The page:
This is a great program but BE CAREFUL. If you refinance, sell, or vacate your home and turn it into a rental you have to pay the amount granted to you back IMMEDIATELY.
  • ALL IN ONE Loan? Never heard of it...
    Unfortunately, there's a "good" reason for that. Lenders make 2-4 times more off the 30 year fixed rate mortgage (the one you probably have on your home). The All In One Loan (AIO) configuration is the mainstay for buying a home in Canada, Australia, and New Zealand. The AIO has been around in the United States for over 20 years. The average loan default (when a homeowner cant make their payment) rate is 1 out of every 10. The AIO has a 0% default rate. That's because your loan payment comes from the available equity in the home as you are actively paying down your principal balance by simply depositing your income into your All In One Checking Account. The All In One is designed to help families with good financial habits achieve financial freedom (become debt free, retire, invest, and purchase more properties). The caveat to this loan is you have to make more money than you spend and in most cases you need a 700 credit score to qualify. We can help get you there. It sounds way too good to be true. It's not. Contact us for free education.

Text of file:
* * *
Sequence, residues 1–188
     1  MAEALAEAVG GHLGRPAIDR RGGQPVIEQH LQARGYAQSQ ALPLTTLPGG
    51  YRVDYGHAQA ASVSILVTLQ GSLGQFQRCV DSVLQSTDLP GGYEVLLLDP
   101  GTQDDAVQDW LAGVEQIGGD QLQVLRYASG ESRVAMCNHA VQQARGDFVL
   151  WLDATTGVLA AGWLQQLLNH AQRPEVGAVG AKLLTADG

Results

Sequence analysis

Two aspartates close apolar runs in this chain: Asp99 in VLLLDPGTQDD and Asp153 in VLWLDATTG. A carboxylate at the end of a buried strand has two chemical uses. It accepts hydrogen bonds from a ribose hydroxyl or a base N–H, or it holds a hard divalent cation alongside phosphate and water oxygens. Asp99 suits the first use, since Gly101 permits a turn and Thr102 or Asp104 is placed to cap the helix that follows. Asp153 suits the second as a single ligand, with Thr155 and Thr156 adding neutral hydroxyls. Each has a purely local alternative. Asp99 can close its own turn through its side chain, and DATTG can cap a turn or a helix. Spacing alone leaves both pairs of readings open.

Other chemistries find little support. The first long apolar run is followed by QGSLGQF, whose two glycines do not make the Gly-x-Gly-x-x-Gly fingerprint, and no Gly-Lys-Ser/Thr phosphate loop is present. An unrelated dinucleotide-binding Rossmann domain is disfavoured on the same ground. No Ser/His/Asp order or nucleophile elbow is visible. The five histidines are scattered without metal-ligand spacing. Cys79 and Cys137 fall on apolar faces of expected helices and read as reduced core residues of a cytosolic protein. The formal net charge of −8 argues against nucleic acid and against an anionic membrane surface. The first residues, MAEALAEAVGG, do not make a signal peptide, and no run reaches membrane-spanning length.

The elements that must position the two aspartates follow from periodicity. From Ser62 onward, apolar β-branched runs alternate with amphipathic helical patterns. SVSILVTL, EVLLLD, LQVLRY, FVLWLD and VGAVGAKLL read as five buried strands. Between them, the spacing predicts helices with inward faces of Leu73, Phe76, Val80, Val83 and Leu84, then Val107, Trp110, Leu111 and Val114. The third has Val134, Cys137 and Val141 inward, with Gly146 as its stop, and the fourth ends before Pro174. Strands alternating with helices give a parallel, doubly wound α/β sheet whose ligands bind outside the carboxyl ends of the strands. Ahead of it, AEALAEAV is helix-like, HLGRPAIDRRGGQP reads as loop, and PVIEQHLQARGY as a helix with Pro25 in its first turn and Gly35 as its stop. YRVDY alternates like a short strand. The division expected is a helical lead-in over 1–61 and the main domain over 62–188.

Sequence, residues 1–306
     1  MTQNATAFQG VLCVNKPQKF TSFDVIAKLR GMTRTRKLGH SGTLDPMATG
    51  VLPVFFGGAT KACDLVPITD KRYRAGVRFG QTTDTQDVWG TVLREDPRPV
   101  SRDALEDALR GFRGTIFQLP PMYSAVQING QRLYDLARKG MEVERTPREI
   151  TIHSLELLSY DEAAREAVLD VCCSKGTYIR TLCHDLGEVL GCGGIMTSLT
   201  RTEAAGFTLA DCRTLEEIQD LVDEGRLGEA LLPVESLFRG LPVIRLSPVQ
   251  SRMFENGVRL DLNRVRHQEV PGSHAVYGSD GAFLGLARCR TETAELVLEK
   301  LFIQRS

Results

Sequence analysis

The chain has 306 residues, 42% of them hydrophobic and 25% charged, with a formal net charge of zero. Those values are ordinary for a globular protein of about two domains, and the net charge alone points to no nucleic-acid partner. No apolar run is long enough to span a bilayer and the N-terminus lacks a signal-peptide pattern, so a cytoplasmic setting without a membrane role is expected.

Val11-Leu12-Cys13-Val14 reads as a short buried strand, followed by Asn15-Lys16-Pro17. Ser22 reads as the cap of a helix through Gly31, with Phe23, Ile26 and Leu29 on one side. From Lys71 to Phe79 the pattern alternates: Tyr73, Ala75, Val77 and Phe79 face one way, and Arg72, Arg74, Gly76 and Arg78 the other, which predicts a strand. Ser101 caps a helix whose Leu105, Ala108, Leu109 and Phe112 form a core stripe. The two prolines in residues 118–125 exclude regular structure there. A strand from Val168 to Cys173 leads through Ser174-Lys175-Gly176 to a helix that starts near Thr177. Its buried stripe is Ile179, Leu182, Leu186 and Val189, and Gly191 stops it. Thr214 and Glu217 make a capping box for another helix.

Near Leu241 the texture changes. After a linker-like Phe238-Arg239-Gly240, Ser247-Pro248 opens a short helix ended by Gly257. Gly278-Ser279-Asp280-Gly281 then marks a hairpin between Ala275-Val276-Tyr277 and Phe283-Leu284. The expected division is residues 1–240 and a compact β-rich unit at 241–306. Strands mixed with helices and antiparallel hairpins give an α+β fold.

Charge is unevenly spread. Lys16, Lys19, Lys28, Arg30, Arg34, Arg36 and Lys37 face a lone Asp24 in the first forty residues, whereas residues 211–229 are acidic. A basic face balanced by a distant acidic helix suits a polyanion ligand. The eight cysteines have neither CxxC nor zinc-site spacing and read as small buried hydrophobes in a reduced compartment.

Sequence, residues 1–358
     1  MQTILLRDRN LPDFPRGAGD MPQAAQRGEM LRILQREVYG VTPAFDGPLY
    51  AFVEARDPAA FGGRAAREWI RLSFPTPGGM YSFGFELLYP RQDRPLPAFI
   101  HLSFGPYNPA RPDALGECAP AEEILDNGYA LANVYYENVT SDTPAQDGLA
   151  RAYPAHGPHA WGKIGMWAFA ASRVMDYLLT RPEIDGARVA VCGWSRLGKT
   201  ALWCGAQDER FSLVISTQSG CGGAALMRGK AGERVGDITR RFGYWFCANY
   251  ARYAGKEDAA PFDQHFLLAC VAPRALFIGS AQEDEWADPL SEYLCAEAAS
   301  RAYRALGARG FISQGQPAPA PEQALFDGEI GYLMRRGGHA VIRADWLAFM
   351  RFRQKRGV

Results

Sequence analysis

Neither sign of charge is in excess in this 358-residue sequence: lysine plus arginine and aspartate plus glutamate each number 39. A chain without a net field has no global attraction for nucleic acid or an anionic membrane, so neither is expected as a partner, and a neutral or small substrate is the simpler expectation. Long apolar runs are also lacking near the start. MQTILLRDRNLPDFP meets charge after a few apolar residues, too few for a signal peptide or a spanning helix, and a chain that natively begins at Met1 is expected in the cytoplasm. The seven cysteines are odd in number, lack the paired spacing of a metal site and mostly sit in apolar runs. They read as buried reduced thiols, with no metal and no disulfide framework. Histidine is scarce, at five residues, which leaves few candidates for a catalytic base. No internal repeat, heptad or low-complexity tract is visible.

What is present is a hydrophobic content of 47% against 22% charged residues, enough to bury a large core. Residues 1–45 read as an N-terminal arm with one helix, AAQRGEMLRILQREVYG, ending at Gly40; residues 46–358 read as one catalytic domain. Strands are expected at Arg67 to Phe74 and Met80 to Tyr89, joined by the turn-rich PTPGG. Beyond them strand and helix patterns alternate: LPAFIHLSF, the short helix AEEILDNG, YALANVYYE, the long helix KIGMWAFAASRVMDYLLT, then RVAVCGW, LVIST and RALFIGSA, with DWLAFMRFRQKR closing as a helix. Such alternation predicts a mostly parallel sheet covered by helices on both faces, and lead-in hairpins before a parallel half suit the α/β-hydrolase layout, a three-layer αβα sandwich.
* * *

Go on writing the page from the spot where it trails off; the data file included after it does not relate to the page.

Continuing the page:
• What is a DSCR Loan?